Warriors coach Steve Kerr was not too rattled by Curry’s antics, sarcastically offering, “I think he should be suspended eight, maybe 10 games. It was egregious. It was awful.”

Here’s more from the Pacific Division:

  • Austin Rivers proffered that the Clippers are a better team without Chris Paul. While careful to note that Paul is a great player, Rivers said that the team has improved its cohesion and competitiveness. “I think we have more talent this year,” Rivers said, per Elliott Teaford of The Daily Breeze. “Look how many pieces we got for one guy. We got a defensive dog (Patrick Beverley). We drafted well.”
  • With the Suns exploring potential trades involving Eric Bledsoe, Steve Kyler of Basketball Insiders notes (via Twitter) that Phoenix “looked hard” at Cavaliers swingman Iman Shumpert over the summer, but Shumpert’s player option is a problem for the club.
  • Kentavious Caldwell-Pope made an immediate impact on the Lakers during his debut against the Pelicans. As Bill Oram of The Orange County Register details, Caldwell-Pope nailed a three less than 30 seconds into the game and gives coach Luke Walton a legitimate “3-and-D” option.

L.A. Notes: Griffin, Rivers, Bogut, Ball

The Clippers enjoyed their trip to Hawaii both on and off the court, writes Broderick Turner of The Los Angeles Times. L.A. split a pair of games with the Raptors, and the players believe the experience helped to unify a team that lost Chris Paul, J.J. Redick and Jamal Crawford over the summer.

There was good news regarding star forward Blake Griffin, who was able to play without any lingering effects from surgery on his right big toe in May. Milos Teodosic showed off the passing that made him highly sought after in Europe, Patrick Beverley brought the hard-nosed defense that was his calling card in Houston and Lou Williams showed he can replace Crawford’s scoring off the bench. Also, the Lob City swagger lives on without Paul. “I don’t think we ever lost that,” said DeAndre Jordan. “We’ve got guys who can make passes like that. We’ve got myself, Blake, Willie [Reed], Montrezl [Harrell], guys like that rolling and able to play above the rim.”

There’s more tonight from Los Angeles:

  • The only bad news for the Clippers is on the injury front, Turner adds. Austin Rivers “is going to be out for a while” after straining a right gluteal muscle in the first game, said coach Doc Rivers.
  • Veteran center Andrew Bogut believes his young Lakers teammates can benefit from his experience, relays Ohm Youngmisuk of ESPN. Bogut signed a one-year, partially guaranteed deal with the Lakers last month as he tries to prove he can come back from a tibia fracture he suffered in March. He is projected as a backup to Brook Lopez, one of the few veterans on the squad. “I have been through pretty much everything in this league, especially injury-wise, and been on championship teams, winningest teams, crappiest teams, teams with a lot of turnovers,” Bogut said. “I have seen everything.”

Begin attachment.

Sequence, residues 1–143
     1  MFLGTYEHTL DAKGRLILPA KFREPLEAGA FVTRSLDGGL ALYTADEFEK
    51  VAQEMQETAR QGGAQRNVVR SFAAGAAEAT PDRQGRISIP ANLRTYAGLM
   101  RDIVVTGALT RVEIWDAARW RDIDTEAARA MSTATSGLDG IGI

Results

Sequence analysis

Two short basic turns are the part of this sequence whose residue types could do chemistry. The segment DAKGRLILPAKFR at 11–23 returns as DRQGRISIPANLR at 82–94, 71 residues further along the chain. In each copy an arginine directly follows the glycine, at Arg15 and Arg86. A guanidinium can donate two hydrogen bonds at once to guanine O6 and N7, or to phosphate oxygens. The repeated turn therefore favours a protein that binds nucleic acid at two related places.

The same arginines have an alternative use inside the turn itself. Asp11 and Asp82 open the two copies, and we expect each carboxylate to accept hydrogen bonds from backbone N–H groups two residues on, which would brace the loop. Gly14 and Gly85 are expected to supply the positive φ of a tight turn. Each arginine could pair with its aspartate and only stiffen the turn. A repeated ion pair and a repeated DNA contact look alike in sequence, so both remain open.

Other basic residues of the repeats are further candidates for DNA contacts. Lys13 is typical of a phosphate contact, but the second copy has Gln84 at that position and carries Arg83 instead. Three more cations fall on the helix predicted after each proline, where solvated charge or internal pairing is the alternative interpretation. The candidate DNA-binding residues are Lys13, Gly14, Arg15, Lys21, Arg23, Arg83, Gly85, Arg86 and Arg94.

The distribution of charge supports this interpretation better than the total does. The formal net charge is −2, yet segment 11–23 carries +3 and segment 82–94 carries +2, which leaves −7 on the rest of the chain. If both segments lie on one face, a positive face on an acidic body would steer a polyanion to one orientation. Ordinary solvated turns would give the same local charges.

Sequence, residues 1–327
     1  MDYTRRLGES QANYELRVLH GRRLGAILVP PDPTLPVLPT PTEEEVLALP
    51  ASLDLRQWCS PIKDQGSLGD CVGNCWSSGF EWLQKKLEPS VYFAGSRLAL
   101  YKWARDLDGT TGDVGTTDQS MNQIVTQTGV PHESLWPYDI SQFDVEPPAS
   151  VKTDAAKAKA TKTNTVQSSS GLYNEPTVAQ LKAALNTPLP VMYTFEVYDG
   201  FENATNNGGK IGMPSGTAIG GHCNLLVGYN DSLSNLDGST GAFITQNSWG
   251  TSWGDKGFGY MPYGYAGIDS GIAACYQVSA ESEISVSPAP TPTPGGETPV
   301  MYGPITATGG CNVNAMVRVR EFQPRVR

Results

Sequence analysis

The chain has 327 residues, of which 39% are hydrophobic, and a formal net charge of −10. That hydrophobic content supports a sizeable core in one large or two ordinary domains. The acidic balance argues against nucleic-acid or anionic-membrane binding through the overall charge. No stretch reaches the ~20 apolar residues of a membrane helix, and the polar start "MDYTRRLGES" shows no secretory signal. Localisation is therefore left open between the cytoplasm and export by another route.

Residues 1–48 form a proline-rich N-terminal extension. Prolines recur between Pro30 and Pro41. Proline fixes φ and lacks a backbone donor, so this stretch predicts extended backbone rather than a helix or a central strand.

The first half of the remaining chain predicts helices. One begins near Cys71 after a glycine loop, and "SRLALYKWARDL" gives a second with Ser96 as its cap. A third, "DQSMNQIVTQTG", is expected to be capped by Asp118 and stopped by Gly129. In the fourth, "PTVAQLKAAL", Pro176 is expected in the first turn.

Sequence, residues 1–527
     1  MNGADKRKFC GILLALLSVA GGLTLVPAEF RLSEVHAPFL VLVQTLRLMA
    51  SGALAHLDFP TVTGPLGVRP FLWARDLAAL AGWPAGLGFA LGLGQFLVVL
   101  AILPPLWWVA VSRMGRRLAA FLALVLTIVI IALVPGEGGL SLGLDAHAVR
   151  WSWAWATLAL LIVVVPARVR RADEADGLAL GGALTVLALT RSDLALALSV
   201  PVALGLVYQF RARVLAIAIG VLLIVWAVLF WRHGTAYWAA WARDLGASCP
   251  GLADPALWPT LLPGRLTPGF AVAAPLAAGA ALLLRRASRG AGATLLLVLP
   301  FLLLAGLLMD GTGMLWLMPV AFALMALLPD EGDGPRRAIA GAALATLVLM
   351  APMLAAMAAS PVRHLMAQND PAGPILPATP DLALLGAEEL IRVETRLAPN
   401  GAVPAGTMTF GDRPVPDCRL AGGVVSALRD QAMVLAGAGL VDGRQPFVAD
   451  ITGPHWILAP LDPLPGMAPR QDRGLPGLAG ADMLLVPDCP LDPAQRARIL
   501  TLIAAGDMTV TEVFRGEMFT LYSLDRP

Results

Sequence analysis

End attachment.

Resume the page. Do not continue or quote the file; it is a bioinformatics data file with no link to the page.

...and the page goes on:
• Rookie point guard Lonzo Ball has already become the face of the Lakers, writes Tim Bontemps of The Washington Post. The team has a lot invested in the overall No. 2 pick, who  impressed his older teammates with his performance in camp. L.A. has lost at least 55 games in each of the past four seasons and needs the 19-year-old to emerge as a leader. “The way he plays the game of basketball, everywhere he goes … if he went to a rec center, people would follow him because he makes people better,” said coach Luke Walton. “That’s what great leaders do.”

Pacific Notes: Rivers, Looney, Bennett

If Austin Rivers is going to silence naysayers who claim his career has been propped up by his head coach father, now is as good an opportunity as any. Broderick Turner of the Los Angeles Times spoke with the 25-year-old Clippers guard about life after Chris Paul.

Rivers averaged 12.0 points per game in 74 games for the Clippers last season but drove that up to 16.1 in 29 games as a starter. With Paul and shooting guard J.J. Redick  no longer with the squad, he could see a lot more time as a primary scoring option.

Rivers also spoke about the rumor that Paul requested a trade because Doc Rivers, then still the president of basketball operations, refused to trade his son in an effort to bring Carmelo Anthony to the Clippers.

I talked to him after that rumor came out, confronted him about it and he said it wasn’t coming from him or coming from his camp,” Austin said. “So we left it at that.

There’s more from the Pacific Division:

  • Although the mission was to get the Kings into the postseason when he signed on with the team, head coach Dave Joerger is comfortable with and committed to the rebuild at hand, too, Ailene Voisin of the Sacramento Bee writes.
  • Now down to 232 pounds, the lightest he’s been in years, 24-year-old Anthony Bennett is ready to resuscitate his career, Scott Bordow of the Arizona Republic writes. The former first-overall pick is on a non-guaranteed deal with the Suns.
  • The Warriors could wait until the deadline to accept Kevon Looney‘s fourth-year option, Anthony Slater of the Athletic writes. The forward has been hard-struck by injuries over the course of the past few years but could finally be ready to show potential.

Western Notes: Rivers, Hill, Holiday, Thunder